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My take away from reading the article and I am no engineer nor do I have "insider" info..

2 similiar but slightly different systems could expand model line up or help certain categories of bikes perform better.

First system is linear - good for long travel bikes designed around a coil like Sb165 or DH?

Second system is more linear and better pedaling efficiency- designed a round a air shock and maybe intended for Downcountry/trail applications? We saw this with SI for sb100/115

Both systems being lighter than SI, increase tire clearance (no super boost needed), also can play with chainstay length better, stiffer, more compact frame...

If you read the pinkbike.com comments about saving on royalties to fox etc, this could help keep cost the same.

When gen 1 Switch, and current SI were introduced into the industry they both drew the same criticism until people started experiencing this "new" crazy technology. A lot of people who currently ride Yeti still don't know what SI is. There are riders who don't care to know either and just enjoy the bike.

Yeti has always been about pushing "boundaries" and not conforming or adopting...this is the same and what sets Yeti apart. Because of this they are also not the first to come to market with some standards. They were very late on 27.5/29 and now emtb.

All we can do is wait and see ..imo.

I would bet that whatever is coming next wont disappoint........

Sent from my GM1915 using Tapatalk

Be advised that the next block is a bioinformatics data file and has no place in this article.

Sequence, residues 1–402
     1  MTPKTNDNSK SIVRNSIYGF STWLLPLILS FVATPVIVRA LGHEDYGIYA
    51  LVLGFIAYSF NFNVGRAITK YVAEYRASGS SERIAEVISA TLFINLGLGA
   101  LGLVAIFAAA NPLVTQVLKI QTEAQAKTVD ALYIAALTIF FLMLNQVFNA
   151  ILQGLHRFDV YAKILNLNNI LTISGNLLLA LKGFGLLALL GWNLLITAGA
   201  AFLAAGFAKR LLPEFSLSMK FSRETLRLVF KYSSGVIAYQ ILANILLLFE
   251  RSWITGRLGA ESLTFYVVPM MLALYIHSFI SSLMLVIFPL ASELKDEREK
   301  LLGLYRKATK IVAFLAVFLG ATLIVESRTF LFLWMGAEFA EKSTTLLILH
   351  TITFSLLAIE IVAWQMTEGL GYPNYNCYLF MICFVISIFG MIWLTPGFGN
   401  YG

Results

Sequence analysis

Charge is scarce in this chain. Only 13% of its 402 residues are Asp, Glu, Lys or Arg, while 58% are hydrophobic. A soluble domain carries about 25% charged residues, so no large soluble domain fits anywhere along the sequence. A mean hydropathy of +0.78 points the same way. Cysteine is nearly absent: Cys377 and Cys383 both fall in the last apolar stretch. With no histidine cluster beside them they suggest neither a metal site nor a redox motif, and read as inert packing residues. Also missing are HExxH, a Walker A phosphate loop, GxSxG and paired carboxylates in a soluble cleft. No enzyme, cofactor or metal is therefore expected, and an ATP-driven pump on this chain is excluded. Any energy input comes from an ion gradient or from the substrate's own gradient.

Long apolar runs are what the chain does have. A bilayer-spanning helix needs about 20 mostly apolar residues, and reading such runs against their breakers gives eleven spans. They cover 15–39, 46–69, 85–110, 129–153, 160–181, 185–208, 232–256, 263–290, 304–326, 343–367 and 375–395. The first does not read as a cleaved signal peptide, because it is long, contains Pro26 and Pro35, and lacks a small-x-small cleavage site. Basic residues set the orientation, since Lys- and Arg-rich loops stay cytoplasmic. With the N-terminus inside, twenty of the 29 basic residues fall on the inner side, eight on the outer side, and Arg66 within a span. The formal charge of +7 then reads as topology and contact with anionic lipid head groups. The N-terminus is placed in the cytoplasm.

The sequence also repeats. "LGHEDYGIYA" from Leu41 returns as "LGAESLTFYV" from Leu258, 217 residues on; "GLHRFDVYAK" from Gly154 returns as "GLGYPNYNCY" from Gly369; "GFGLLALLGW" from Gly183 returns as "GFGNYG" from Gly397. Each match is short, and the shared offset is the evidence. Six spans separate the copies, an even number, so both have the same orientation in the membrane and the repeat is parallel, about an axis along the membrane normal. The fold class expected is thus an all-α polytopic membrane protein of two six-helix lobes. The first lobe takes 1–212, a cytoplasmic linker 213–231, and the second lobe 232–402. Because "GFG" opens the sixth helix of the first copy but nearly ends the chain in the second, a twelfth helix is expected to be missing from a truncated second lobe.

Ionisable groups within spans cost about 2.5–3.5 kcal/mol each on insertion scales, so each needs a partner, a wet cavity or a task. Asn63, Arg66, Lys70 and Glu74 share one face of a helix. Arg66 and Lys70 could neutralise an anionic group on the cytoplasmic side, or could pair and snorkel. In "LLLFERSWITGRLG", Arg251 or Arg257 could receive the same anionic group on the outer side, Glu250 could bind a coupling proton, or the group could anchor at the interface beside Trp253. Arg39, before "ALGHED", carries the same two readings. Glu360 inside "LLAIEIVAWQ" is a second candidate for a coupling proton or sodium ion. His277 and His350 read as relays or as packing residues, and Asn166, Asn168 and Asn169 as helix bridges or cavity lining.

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Elitest thrill junkie
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When gen 1 Switch, and current SI were introduced into the industry they both drew the same criticism until people started experiencing this "new" crazy technology. A lot of people who currently ride Yeti still don't know what SI is. There are riders who don't care to know either and just enjoy the bike.

Yeti has always been about pushing "boundaries" and not conforming or adopting...this is the same and what sets Yeti apart. Because of this they are also not the first to come to market with some standards. They were very late on 27.5/29 and now emtb.
That's a whole lot of kool-aid right there. Wasn't the first switch significantly flawed? And SI has not been without issues, it seems to be fairly often based on this page. The reason Yeti went down this path is because Yeti wanted to come up with a way to get around 100% AS through at least half of the travel without infringing on other companies patents. One such example is the SC Hightower is nearly identical to the SB130. Yeti's kinematics could be achieved with two links, which would be simpler (easier to service, less reinforcement necessary, etc.), but would likely expose them to patent violation, there's nothing crazy or pushing the boundaries there. The kinematics are already broken down and analyzed. SI is just a wonky way to achieve the same as a dual-link bike, except it's never better execution to make something more complicated than it needs to be...It's not a huge problem though, just paint the bikes turquoise and people will want them.